In the movie’s production notes, the real-life Banks movingly states: “No one, whatever your race, political preference, religious background, we all agree that no one deserves to be put in a cage for something that they didn’t do. This is one of those stories where someone, me, lost their life for something that they didn’t do.”
That such a story ought to be told seems elementary. Not necessarily so, say a good many of the critics (and behind them, the #MeToo td bank usa small business login and its supporters). While a leading review-aggregator reveals that Brian Bankshas received the overwhelming approval of audience members, its rating among critics is much lower. Some of the bolder or cruder reviewers even suggest it might have been better if the Banks case had never made it to the public at all: the film gives the “wrong impression.”
There are undoubtedly contrived or overly “inspirational” moments in Shadyac’s film, as well as aesthetic flaws, but this is not what has upset the critics. After all, this is the same crowd that regularly provides higher than 90 percent approval ratings to Hollywood’s comic book and superhero rubbish. Such people suddenly rediscover elevated “artistic values” when it serves their class and ideological purposes.
In reality, the reviewers are unhappy because Brian Banks undermines the arguments that “women must be believed,” that a claim of sexual misconduct is as good as a conviction and that “innocent until proven guilty” is an over-rated and outworn principle.
The comments range from the condescending to the distinctly hostile.
The New York Times reviewer adopts a lofty and patronizing tone: “With its heart in the right place and its style stuck unabashedly in the familiar grooves of the TV movie, Brian Banks tackles a subject—a sexual assault allegation and its aftermath—that would be challenging even without the scrutiny of #MeToo.”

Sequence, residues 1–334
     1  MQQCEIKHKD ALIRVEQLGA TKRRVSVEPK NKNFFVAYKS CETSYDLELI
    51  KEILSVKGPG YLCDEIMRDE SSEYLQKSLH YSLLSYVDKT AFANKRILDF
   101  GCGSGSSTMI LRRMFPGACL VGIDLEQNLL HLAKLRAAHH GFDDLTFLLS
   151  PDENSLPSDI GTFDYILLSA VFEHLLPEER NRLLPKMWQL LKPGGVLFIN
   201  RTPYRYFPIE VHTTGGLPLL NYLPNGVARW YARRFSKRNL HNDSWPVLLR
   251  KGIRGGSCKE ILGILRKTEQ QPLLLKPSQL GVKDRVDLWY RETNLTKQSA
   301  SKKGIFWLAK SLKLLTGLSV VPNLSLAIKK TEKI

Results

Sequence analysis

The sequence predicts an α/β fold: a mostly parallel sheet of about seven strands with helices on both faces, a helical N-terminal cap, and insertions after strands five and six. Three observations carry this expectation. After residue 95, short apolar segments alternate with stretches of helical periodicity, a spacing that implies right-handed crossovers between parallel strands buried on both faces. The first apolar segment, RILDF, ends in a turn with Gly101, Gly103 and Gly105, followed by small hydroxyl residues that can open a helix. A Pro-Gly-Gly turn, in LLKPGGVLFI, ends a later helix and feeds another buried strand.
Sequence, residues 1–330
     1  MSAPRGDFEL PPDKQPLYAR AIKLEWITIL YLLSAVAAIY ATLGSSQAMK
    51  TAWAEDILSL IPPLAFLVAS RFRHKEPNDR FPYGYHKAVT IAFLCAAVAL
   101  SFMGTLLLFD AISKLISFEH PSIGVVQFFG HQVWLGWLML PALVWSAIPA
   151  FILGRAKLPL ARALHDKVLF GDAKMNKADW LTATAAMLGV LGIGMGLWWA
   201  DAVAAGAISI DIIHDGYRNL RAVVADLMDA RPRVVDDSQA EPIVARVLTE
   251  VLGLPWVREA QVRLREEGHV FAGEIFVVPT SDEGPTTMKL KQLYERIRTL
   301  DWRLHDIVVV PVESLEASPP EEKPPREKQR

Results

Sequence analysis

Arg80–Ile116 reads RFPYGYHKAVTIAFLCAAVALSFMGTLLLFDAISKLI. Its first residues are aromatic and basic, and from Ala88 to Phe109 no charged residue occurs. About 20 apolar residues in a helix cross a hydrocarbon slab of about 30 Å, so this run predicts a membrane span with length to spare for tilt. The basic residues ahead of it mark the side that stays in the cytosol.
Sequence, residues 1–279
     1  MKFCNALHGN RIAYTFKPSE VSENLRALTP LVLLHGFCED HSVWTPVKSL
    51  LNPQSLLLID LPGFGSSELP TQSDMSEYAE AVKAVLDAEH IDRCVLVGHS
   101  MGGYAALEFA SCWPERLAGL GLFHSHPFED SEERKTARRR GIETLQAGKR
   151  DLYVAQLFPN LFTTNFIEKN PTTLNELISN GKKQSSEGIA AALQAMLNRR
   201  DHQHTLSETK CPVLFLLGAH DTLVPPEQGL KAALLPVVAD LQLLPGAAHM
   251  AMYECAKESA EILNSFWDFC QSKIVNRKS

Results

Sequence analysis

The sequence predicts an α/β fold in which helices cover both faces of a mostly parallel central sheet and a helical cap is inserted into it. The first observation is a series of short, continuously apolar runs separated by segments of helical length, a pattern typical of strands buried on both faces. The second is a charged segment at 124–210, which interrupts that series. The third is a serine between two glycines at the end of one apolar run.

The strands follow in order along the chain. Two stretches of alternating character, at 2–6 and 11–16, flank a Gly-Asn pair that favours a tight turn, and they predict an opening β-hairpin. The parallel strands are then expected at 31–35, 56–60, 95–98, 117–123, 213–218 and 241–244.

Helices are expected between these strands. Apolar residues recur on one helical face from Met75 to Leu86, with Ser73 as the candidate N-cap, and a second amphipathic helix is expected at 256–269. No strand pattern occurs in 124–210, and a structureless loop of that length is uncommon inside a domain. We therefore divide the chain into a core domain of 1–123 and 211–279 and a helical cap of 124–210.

Indiewire refers grandly to Brian Banks as “a Lifetime movie-like drama that falls short of engaging with the many thorny issues it dramatizes.” The same review later suggests that “some of [the] many bigger issues the film makes a ham-handed effort to unpack” include the “failures of the justice system, inherent racism, and why someone might make the exceedingly rare choice to lie about a rape.” More about this later.
A Reel of One’s Own argues that there had “to be misgivings about this film being released during the #MeToo Era.” The reviewer asserts that even “if there’s little to no doubt of Brian’s innocence, it’s hard not to wince as his accuser is subjected to the kinds of questions which are used to discredit actual victims.” In other words, the word of someone who turned out to be lying should have been accepted without question. The comment concludes: “Yes, Brian Banks suffered a terrible injustice . but it shouldn’t have to come at the expense of so many other victims.”
The review at Common Sense Media is unsophisticated enough to let the cat out of the bag: “As the #MeToo movement makes progress in allowing sexual assault victims’ voices to be heard and believed, this film feels like a male ego boost in the form of a ‘sports, god, victory’ trifecta. It perpetuates rape myths, generates the largely unwarranted fear of false accusations, and may contribute to reviving a culture of silencing women and discouraging reporting sexual violence.” What’s more, Brian Banks is a “white savior story” and it “fuels distrust in authority and the legal system”!